Feeling Good After a Workout

By: Louise Rigby

We all want to feel fit and fabulous! One way to do that is to take part in regular physical activity!

Taking part in regular physical activity can be beneficial both socially, psychologically and physiologically. However,  sometimes strenuous activity can lead to delayed onset of muscle soreness also known as DOMS.

DOMS is a natural process involving the growth and development of muscular fibres. Unfortunately, DOMS can sometimes be painful and result in muscular tightness and weakness in the first 24 to 48 hours post-exercise.

The intensity and severity of DOMS can be moderated with the correct post-exercise procedures. So, to feel fit and fabulous after a workout you should follow these three simple steps;

Cool down


Cool downs are performed at the end of your exercise session.The aim of a cool down is to slowly reduce your heart and breathing rate and normalise your blood circulation. A cool down also gives your muscles time to gradually relax. During any Fierce Fit classes or one to one sessions the instructor will conclude the session with a cool down.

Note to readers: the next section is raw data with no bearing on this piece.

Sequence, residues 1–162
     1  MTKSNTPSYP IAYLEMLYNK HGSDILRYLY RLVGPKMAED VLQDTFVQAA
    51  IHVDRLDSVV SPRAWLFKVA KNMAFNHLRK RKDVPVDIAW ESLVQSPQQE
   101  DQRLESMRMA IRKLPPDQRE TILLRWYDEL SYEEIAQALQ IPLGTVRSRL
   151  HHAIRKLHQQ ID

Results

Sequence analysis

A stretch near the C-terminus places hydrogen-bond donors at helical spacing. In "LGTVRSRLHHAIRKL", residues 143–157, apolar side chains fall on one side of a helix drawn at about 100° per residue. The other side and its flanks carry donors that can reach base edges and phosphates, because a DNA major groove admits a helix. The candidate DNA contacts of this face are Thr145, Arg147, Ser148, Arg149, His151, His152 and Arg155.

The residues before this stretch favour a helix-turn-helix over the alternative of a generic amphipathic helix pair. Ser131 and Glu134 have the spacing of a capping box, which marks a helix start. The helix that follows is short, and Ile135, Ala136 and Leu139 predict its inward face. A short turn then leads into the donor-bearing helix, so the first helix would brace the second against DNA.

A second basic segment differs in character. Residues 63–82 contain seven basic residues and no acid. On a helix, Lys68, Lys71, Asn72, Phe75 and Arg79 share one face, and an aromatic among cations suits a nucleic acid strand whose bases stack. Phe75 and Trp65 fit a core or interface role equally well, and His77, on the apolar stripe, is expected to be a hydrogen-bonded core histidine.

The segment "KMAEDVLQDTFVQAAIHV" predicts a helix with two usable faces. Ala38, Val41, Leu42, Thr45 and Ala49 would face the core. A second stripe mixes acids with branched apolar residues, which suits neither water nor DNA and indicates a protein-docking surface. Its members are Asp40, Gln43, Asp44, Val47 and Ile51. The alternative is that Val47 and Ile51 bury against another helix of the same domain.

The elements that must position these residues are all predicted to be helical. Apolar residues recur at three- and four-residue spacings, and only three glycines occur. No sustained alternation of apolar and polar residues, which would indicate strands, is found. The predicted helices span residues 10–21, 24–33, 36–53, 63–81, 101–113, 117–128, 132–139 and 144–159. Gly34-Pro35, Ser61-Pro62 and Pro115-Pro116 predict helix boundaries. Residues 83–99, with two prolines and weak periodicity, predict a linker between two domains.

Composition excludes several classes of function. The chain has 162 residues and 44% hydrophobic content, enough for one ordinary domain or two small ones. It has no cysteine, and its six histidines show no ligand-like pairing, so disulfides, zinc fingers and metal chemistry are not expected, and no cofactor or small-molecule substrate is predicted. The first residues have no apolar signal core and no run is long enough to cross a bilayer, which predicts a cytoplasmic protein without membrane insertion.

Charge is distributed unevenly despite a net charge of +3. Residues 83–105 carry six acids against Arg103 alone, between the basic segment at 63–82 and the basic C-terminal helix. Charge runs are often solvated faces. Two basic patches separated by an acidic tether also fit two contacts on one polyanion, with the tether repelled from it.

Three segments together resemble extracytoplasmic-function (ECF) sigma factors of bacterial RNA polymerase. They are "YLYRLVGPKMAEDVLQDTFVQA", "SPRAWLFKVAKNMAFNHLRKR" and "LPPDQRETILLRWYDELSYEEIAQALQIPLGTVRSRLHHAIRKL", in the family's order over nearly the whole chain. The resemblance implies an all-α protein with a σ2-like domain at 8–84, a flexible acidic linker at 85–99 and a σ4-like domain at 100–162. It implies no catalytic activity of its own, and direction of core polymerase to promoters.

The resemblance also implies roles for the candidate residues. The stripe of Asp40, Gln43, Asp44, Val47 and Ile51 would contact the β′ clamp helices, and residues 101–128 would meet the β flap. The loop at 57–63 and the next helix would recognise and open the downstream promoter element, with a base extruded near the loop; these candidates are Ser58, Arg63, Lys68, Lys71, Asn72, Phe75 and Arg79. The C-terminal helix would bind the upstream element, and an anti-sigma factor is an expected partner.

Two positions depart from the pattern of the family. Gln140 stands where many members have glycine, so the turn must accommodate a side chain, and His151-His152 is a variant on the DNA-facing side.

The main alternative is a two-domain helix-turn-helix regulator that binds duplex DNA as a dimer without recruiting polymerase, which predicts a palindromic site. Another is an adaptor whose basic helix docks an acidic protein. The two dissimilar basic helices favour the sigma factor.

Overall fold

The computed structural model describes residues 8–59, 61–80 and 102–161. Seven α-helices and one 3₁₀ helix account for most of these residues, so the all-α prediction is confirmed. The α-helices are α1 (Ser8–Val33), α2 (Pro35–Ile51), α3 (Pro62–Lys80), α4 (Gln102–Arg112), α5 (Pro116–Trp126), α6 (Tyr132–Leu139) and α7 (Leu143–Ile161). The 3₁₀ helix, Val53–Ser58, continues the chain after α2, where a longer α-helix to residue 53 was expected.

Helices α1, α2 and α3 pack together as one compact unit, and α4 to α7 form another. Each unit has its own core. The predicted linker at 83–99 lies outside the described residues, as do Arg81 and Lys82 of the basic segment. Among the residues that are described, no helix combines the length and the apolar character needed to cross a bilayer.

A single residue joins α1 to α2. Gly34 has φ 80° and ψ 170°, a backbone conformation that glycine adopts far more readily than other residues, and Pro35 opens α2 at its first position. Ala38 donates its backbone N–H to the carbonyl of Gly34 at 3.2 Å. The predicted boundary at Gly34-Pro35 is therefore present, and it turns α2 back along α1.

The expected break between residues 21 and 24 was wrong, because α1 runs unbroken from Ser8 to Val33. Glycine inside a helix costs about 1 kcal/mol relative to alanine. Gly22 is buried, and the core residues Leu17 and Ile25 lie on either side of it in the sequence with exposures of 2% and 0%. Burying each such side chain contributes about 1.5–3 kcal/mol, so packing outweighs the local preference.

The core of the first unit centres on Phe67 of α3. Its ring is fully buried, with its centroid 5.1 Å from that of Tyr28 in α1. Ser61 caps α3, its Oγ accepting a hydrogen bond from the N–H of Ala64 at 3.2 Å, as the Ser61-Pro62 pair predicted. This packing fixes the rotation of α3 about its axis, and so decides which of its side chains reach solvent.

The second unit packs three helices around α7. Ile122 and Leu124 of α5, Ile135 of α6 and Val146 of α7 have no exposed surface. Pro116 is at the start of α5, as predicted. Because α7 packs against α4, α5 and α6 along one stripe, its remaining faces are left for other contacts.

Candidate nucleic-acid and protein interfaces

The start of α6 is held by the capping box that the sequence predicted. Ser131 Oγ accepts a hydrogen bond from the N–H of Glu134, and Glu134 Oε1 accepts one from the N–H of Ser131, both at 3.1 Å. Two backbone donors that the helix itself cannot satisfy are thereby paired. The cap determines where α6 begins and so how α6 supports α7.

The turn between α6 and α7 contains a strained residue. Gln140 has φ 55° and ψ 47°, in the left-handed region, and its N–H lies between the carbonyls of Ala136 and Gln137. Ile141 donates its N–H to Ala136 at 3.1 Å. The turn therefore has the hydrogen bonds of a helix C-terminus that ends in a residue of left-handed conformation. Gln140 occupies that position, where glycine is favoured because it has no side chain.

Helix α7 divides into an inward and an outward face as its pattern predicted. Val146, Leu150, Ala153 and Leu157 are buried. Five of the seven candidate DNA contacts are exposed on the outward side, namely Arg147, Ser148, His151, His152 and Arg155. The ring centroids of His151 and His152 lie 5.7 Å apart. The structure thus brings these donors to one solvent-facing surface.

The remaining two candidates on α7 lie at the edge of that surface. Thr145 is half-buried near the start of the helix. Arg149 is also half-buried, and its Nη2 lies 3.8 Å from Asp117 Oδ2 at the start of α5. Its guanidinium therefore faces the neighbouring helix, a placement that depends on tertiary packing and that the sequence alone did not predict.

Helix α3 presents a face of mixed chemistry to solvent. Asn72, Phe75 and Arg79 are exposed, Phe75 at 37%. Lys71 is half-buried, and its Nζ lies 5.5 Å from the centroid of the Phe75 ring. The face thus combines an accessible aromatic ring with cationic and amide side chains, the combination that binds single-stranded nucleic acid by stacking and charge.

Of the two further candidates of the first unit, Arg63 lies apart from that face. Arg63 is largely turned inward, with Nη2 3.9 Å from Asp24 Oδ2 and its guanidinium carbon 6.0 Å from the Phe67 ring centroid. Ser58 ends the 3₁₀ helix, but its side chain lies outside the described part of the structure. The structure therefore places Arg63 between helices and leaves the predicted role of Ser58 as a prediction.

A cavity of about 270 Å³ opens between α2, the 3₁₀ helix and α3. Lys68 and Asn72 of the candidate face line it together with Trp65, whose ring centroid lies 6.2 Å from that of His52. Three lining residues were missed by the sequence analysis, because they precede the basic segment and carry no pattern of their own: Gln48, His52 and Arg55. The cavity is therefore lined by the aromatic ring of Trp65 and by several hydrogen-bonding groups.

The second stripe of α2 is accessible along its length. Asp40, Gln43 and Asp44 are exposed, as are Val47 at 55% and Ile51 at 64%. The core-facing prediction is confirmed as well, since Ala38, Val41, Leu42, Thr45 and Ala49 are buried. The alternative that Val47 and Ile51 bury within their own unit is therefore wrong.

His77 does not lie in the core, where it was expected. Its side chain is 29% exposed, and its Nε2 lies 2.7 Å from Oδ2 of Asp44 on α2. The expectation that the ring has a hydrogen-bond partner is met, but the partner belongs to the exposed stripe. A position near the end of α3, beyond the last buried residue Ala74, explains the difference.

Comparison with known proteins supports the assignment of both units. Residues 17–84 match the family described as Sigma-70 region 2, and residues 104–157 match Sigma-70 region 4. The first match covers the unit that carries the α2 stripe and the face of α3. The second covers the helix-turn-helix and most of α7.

Post-event massage


Post-event massage is enjoyed by many elite athletes such as Usain Bolt and Jessica Ennis and also amateur athletes like myself! The purpose of post-event massage is to increase blood circulation to your muscles in order to promote healing and the removal of waste products. Our massage therapists are always here to help at Fierce Fit and you can have your post-event massage at any time.



Following exercise it is important to stretch! Stretching following exercise promotes the realignment of collagen fibres. If stretching does not occur collagen fibre orientation can be hazardous and unorganised meaning increased pain and reduced tissue flexibility.

In conclusion, there are three simple procedures to undertake to decrease the intensity and severity of DOMS following physical activity. To reduce the intensity of DOMS you must undertake an appropriate cool down, post-event massage and stretching!

Louise Rigby

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